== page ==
The Little Black Dress: Evolution and History

There is no item of clothing more iconic than the little black dress.

Lovingly known as the LBD, this wardrobe mainstay exudes as much sexiness as it does versatility. When accessorized, the dress can hold its own in a corporate cubicle by day and turn heads in a bustling club come night. 

Put simply, the LBD is—and we predict always will be—the “everything” dress. However, like most fixtures of contemporary fashion, this garment sports a circuitous and, at times, contentious history. 

Of Mourning and Maids 

Since the rise of Rome, women have donned dark-colored clothing to honor the deceased. Alas, the LBD first emerged as a symbol of grieving. Case in point: Queen Victoria wore her mourning dress—a garment made from black silk taffeta—for 40 years following the death of her husband. 

But in the 1860s, black dresses adopted a new meaning. 

Up until then, maids had clothed themselves in either homemade garments or castoffs from their employers. Yet as relations between the British bourgeoisie and proletariat soured, well-to-do women balked at the idea of servants wearing high-class clothing. 

And so, domestic workers were required to sport a uniform: a black, floor-length dress with a white bonnet and an apron. This trend soon spread to America and France. 


shopgirls in little black dresses

Twenty years later during the heat of the Industrial Revolution, women began flocking to New York City to work as “shopgirls” in clothing stores. Armed with disposable income and mass-produced sewing machines, these women fashioned modish outfits for themselves.

This didn’t sit well with wealthy customers. As a Methodist minister wrote in a 1910 edition of the International Gazette, “the craze of the shopgirl…as fashionably attired as the rich women she waits on had become a menace.”

To make store patrons feel more comfortable, New York City businesses mandated a dress code: the LBD. Shops in London and Paris soon adopted the uniform as well. 

A Surprising Rebrand

While working-class women donned their obligatory frocks, a strange phenomenon rippled through the upper class: The little black dress emerged not as a marker of poverty but of affluence and sex appeal. 

In 1884, for example, artist John Singer Sargent debuted “Portrait of Madame X” at the Paris Salon. The oil painting featured a young woman—recognized as Parisian socialite Virginie Amélie Avegno Gautreau—in a black evening gown with a plunging neckline. 

But the LBD wasn’t reserved just for celebutantes. Diplomats like Eleanor Wilson McAdoo, wife of U.S. Secretary of the Treasury William McAdoo, also made public appearances wearing the garment.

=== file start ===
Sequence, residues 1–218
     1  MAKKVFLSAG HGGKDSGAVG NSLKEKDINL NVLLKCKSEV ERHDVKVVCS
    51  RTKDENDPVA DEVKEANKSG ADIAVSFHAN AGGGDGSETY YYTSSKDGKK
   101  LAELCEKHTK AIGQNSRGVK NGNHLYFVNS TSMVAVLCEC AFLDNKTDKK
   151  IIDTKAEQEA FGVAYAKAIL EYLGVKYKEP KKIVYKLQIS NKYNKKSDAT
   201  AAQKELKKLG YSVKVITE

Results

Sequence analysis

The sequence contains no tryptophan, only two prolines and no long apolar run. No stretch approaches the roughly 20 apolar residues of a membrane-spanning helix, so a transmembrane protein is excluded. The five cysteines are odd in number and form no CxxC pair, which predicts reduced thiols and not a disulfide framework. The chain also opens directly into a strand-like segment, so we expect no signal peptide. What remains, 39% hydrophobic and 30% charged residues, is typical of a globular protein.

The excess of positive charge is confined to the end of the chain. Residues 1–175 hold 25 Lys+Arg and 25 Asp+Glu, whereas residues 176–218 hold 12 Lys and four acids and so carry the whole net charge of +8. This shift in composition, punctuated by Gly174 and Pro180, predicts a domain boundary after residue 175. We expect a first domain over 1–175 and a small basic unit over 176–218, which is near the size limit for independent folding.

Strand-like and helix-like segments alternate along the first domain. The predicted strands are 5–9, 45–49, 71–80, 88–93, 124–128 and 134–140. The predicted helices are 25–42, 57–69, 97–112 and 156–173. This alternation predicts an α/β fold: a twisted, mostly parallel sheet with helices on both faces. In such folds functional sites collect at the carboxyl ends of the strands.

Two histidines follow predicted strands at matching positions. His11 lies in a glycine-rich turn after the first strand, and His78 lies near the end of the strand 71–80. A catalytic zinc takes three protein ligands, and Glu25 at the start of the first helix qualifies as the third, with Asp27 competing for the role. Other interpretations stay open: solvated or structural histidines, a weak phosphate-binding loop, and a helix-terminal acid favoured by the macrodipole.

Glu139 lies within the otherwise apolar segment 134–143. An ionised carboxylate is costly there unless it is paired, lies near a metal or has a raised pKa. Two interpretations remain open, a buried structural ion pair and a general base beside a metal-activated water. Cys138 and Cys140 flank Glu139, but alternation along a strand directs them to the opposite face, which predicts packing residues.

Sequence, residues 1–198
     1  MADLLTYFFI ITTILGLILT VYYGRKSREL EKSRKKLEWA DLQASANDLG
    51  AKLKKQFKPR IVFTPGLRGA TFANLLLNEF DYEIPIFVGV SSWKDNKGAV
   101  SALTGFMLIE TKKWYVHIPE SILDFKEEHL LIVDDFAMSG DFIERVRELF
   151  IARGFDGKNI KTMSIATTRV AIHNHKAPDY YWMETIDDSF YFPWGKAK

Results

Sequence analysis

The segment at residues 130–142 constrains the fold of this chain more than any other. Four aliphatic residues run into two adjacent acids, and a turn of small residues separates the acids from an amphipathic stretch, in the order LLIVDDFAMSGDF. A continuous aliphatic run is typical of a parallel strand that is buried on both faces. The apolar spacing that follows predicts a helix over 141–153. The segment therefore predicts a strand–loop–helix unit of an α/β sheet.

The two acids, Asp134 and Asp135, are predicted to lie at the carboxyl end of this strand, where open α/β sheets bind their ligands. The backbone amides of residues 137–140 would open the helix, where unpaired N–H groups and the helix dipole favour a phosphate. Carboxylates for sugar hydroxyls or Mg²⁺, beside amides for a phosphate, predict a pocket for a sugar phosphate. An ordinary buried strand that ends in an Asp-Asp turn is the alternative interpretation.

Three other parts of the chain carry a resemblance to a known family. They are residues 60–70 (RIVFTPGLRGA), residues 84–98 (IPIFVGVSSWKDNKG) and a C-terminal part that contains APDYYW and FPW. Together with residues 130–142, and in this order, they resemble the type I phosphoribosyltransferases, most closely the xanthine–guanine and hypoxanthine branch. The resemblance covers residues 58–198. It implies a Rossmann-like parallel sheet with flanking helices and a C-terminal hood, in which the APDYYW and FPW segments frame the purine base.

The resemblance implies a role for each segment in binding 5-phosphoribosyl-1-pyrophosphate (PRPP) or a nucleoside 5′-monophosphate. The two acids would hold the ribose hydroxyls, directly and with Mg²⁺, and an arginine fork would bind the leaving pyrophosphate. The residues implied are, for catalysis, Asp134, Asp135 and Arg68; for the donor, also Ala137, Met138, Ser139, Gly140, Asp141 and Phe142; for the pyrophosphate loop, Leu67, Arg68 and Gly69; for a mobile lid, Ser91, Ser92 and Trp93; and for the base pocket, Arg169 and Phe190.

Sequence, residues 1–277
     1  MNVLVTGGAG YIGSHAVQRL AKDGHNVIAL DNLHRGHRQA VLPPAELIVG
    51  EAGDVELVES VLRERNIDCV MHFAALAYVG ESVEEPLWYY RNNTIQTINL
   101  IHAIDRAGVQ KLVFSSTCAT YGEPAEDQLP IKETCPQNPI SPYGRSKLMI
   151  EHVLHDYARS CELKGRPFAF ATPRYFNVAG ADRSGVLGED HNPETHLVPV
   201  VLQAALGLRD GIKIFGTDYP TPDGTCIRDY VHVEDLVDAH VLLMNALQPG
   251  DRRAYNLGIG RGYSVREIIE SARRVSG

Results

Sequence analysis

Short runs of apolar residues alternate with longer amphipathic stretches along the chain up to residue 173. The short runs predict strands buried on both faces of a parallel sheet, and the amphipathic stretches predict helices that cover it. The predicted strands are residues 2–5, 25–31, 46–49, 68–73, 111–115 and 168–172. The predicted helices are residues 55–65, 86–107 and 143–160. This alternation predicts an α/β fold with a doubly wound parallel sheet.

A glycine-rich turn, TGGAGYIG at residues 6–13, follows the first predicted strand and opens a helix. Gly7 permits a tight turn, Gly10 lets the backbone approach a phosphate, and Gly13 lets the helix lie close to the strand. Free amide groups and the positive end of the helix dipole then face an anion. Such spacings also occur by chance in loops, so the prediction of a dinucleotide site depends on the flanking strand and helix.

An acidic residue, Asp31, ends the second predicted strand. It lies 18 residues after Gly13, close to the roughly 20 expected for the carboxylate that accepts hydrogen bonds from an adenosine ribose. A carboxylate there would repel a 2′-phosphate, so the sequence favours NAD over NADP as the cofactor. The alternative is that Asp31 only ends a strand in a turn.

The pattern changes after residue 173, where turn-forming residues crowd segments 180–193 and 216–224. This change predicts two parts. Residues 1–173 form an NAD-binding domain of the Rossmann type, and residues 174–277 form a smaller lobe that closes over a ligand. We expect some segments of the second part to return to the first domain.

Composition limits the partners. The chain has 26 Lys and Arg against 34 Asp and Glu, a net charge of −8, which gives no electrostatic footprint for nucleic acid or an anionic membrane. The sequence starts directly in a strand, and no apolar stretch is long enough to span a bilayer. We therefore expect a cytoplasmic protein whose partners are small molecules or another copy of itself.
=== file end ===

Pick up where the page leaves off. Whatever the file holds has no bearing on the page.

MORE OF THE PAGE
Coco Chanel’s Take

In 1926, the LBD gained even more fame when French fashion designer Coco Chanel revealed her own rendition in Vogue. Made from crêpe de Chine, the calf-length dress featured long, narrow sleeves and was accessorized with a string of pearls. 

The design was intentionally simple and accessible. So much so that Vogue anticipated the dress would become “a sort of uniform for all women of taste.”

In many ways, that prediction held true. During the Jazz Age of the late 1920s, for instance, flappers shortened the frock’s hemline and ditched the sleeves for a loose-fitting and liberating garment. 

Later, when the stock market crashed and World War II commenced, the hemline veered back toward conservatism. But still, women of all classes favored the LBD because of its affordable elegance.  

Dior’s “New Look” and Audrey Hepburn

Twenty years after Chanel offered her take on the LBD, fellow French fashion designer Christian Dior revealed his. 

Titled the “New Look,” Dior’s debut dress collection dished up ultra-femininity with rounded shoulders, cinched waistlines, and full skirts. The opulent style was a stark contrast to the less-is-more aesthetic popularized through the Great Depression and war. 

But sentiments changed in 1961 when the Hollywood blockbuster “Breakfast at Tiffany’s” hit screens. Clothed in a black sheath dress designed by Hubert de Givenchy, Audrey Hepburn stole hearts and forever changed the course of LBD history. 

From Fishnets to Grunge

audrey hepburn in a little black dress

In the punk rock-fueled 1970s, Hepburn’s simple sheath dress received a round of embellishments: sheer fabric, lace, and even safety pins. Fishnets were a popular pairing as well. 

The following decade gave rise to the peplum dress: a garment with flared ruffles sewn into the waistline. Padded shoulders and sequins also took center stage. 

Then came the Spice Girls-inspired LBD of the 1990s. Short, simple, and form-fitting, this design was classically coupled with a pair of chunky combat boots and a choker necklace that screamed “grunge.” 

The early aughts and 2010s saw more variations of the LBD: leather tube dresses, babydoll styles with lace embroidery, bodycon fits with mesh accents, and so on.  

The LuxCasual LBD 

This abbreviated history brings us to today: a new age in which opulence is no longer defined by white gloves or strands of pearls but by the careful balance of comfort and elegance. You can witness this balance in the Myles Price line of Supima® cotton dresses

Our take on the LBD, these dresses are designed using the highest quality textiles on earth. As such, you’ll find them to be striking, sumptuous, and enduring. Unlike the trends of yesteryear, our dresses last a lifetime.